Biography of James Hough
James was born in Newcastle Australia in 1960 and did not start painting professionally till 2003. He now lives at Maitland in the Hunter Valley and has established his family and studio there. He practiced as an Engineering Surveyor for 23 years and as a part time wildlife artist from 1999 – 2003. James Hough has combined a deep passion for Australian wildlife and the environment with another of his life long interests, Fine Art. All wildlife is of particular interest to James, and it has been a natural progression to combine his knowledge of birds and animals and their environment with his art skills. His artwork reflects the deep respect he has for the natural environment. He has had no formal art tuition at all but relies on his keen sense of observation and the enormous pleasure that painting gives him.
Each of his subjects is thoroughly researched, aided by all his own resource material from sketches to photography. The final composition may be components of many sketches and photographic images collected on walks and visits to many of Australia’s National Parks and bush reserves. Landscape has become a very popular inclusion to his wildlife art of late. He travels extensively throughout Australia collecting much of the resource needed for his work. The north east coast of Australia provides Jim with a great diversity of native flora and fauna, which has become prominent in his work. Trips into the Australian outback in his 4wd have also provided great inspiration.
A considerable amount of thought and research is combined to ensure that each work is as accurate and pleasing to the eye as it can be. Each new work is begun by collecting as much resource material from his own photographic records and sketches and confirming the particular animal or bird’s habitat in various written publications. He more often than not visits the bird’s habitat to get a feel for its environment and so incorporate some of the landscape of its surrounds in the final image. He returns to his studio with collections of branches, lichens, leaves, blossom, and gum nuts.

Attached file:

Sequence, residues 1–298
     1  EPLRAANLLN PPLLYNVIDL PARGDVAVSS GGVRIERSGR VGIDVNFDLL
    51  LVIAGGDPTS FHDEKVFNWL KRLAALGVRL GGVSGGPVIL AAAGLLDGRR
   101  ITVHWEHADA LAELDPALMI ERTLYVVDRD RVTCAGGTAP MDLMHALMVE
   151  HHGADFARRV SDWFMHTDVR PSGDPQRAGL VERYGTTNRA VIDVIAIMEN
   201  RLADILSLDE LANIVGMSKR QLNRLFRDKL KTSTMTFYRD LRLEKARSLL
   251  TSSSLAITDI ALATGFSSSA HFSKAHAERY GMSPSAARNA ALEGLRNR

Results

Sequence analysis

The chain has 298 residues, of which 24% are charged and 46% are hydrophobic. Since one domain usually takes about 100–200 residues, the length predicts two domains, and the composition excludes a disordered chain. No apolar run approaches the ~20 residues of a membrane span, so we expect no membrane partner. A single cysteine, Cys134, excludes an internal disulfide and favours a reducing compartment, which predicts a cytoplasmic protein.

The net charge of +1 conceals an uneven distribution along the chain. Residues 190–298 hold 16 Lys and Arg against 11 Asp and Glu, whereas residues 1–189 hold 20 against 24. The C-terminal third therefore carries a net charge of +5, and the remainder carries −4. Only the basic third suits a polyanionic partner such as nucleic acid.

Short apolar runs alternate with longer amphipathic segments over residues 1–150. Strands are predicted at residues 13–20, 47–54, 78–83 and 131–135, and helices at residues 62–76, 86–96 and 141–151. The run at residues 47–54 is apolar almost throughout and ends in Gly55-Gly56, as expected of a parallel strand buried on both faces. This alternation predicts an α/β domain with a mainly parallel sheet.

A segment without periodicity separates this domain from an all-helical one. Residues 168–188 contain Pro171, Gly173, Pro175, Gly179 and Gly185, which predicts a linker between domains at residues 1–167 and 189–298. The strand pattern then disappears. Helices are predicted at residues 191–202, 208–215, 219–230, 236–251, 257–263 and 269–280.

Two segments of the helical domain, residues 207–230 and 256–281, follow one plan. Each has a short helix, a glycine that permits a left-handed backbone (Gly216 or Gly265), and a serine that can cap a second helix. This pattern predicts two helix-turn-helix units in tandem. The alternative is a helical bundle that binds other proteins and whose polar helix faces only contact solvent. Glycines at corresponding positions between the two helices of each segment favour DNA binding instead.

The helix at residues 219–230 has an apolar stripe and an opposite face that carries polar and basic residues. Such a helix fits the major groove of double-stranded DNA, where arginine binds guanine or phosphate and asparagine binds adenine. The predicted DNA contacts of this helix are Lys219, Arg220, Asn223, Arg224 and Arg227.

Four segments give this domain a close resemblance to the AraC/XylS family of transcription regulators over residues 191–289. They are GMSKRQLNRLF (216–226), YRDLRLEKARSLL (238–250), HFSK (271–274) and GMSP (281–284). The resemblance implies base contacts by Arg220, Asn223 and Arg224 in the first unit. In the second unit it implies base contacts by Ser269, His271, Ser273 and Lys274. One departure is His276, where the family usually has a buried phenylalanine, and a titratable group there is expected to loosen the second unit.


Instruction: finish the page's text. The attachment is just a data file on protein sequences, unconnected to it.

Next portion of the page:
James paints exclusively on Clayboard using Acrylic paint (Atelier Interactive by Chroma Australia) and Gouache where layers of transparent color are used to build tonal effects. The process begins with a sketch where composition and balance are critical to the final work. Color visualization and composition comes next. The background is painted first and is critical to the development of atmosphere and for capturing habitat likeness. The detailed highlighting of a work comes next. Shadows and highlights are applied, detailed cracks in old timber are given depth, the intricate formation of bird feathers, the rounding of branches and a general overview of the final composition is given and adjusted by adding a few dead leaves, and cobwebs. James exhibits in numerous exhibitions throughout Australia during the year. His work is also on display at one of Australia’s leading galleries the Morpeth Gallery in the Hunter valley, New South Wales.
James was elected as a member of the Kevin Hill’s Australian Top Ten Artists during 2008 and exhibits with this group all over Australia throughout the year. His work is featured in the 2007 and 2010 Australian Top Ten Artists books. As well as exhibiting successfully in galleries throughout Australia his work has been published in a number of magazine articles such as The Australian Artist magazine, Birds Australia and Hunter Lifestyle and is well represented in many private collections in Australia and around the world.
“There is nothing more rewarding than to finish a work and to be able say that it captures that moment in time that was unique in the natural world and that onlookers will observe for the feeling or emotion of the work rather than its correctness. Finding a passion in your life as I have done with wildlife art and pursuing it creates a great deal of confidence in ones ability and a great sense of fulfillment. I have a great desire to contribute to the long-term preservation of our unique Australian native environment and I desire that my artwork will encourage and motivate all to this end. Being an artist is very important to me. It has opened my eyes to the splendid color and moods of this great country, the unique flora and fauna, and to the overwhelming responsibility we have to preserve what little is left.”